After consecutive home losses, Kings left grasping for any shreds of hope vs. Oilers

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You don’t have to know anything about hockey to know the Kings are in trouble heading back to Edmonton for Game 5 of their first-round NHL playoff series with the Oilers.

Just knowing how to count is knowledge enough.

After Sunday’s 1-0 loss at the Crypt, the Kings trail the best-of-seven series three games to one. That makes Wednesday’s game a must-win for the Kings. So is anything that comes after that.

“Yeah, our back are against the wall,” center Phillip Danault said. “Nothing to lose. One game at a time. Pressure’s on them. Give everything you’ve got.”

A pained grin creased his face.

“All the cliches,” he said.

It doesn’t seem right that, after a regular season that both started and finished in record-setting fashion, the Kings find themselves just a loss away from bowing out of the playoffs with a whimper, not a bang.

The Kings won their first 11 road games of the season under coach Todd McLellan, breaking the NHL record. Then, after McLellan was fired and assistant Jim Hiller was promoted to take his place in February, the team won eight in a row at home at the end of the season, matching the team’s longest home winning streak in 32 years.

Yet now, after back-to-back home losses, the Kings are a road loss away from a long offseason.

It wasn’t supposed to end like this, of course. Two years ago, in the first round of the playoffs, the Oilers eliminated the Kings in seven games. Last year they did it in six. Now it could happen in five.

After averaging nearly 3 ¼ goals at home during the regular season, the Kings scored once at the Crypt in two playoff games. The team isn’t progressing, it’s regressing. But it’s a hole the team dug for itself.

It’s once-vaunted penalty kill, second in the league during the regular season, has been torched in this series, with the Oilers scoring eight times in 15 man-advantage opportunities, the latest coming in the second period Sunday to decide Game 4. The Kings’ own power play, meanwhile, has been powerless, going 0 for 11, the latest whiff coming in the third period of Sunday’s loss when they didn’t even get off a shot.

The Oilers have scored 18 times in the four games and their big three of Zach Hyman, Leon Draisaitl and Connor McDavid have combined for 10 goals and 15 assists. Still the Kings aren’t dead yet (the vital signs, however, are really weak).

But as Danault, who apparently has never heard a cliché he won’t repeat, knows, the series isn’t over until it’s over.

In 2021, when he was in Montreal, the Canadiens lost three of their first four games in a first-round series with Toronto, only to rally with a pair of overtime victories that helped them win the series. That team made it to the Stanley Cup Final.

“So we’ve got to believe. And it’s got to be there,” Danault said.

If the Kings need any encouragement — and clearly they do — they may have gotten some in Sunday’s loss, because while the result wasn’t what they wanted, the performance was. The Kings outshot the Oilers 33-13; outplayed, outhit and outhustled them; and managed to stay out of the penalty box for most of the night.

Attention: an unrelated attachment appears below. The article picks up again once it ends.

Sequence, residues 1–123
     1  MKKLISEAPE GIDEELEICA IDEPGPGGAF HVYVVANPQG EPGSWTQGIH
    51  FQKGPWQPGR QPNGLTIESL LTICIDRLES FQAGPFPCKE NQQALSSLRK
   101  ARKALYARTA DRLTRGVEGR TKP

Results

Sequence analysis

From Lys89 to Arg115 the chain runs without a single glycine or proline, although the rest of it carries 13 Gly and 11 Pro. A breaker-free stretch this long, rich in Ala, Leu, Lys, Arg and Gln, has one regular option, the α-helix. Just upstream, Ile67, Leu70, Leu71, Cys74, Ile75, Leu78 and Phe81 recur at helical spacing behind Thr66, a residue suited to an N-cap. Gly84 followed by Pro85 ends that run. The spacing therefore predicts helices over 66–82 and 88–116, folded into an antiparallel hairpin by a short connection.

They also rolled the dice by replacing goaltender Cam Talbot with backup David Rittich, who had an awful playoff record, having given up eight goals in 32 minutes. Rittich was near perfect Sunday, becoming just the fourth goalie to hold the high-octane Oilers to a goal or less in 39 games — a streak Rittich started when he shut Edmonton out in early February.

It was a template for a victory even if it ended in a loss.

“It’s the kind of game you’ve got to replicate,” Danault said. “That’s the only way you can win against Edmonton right now. We have to play the same exact way and that’s going to give us a big chance.”

“The preparation, the effort, it’s right there,” added Hiller. “So to summon that back up again. It’s not like we have to go and find that. It’s right there. So it should not be that difficult.”

Trevor Moore said it’s now a game of follow the leader.

“The leadership in this [locker] room is second to none,” he said. “It’s just game by game. It’s wake up, go to practice and, you know, just keep getting better.”

But those leaders have to show up on the ice, too — Moore included. He led the team with 31 goals and had 26 assists during the regular season, but he has just just a goal in the playoffs. And while captain Anze Kopitar has a goal and two assists in the series, all three points came in the same game. Then there’s Pierre Luc-Dubois, who the Kings acquired last summer then signed to an eight-year, $68-million contract. He has just a goal in the series, didn’t take a shot in 35 shifts combined in the two home games and has just one shot in the last three games combined.

“The message is just stick with it. Stick with our game and play the same way and we’ll get rewarded,” Danault said. “Normally we do. So we’ve got to keep playing the same way and we’ll get rewarded next game, I guess.”

If they don’t, anyone who can count to four will be able to count the Kings out.

“Our backs are against the wall,” Danault repeated. “So nothing to lose.”

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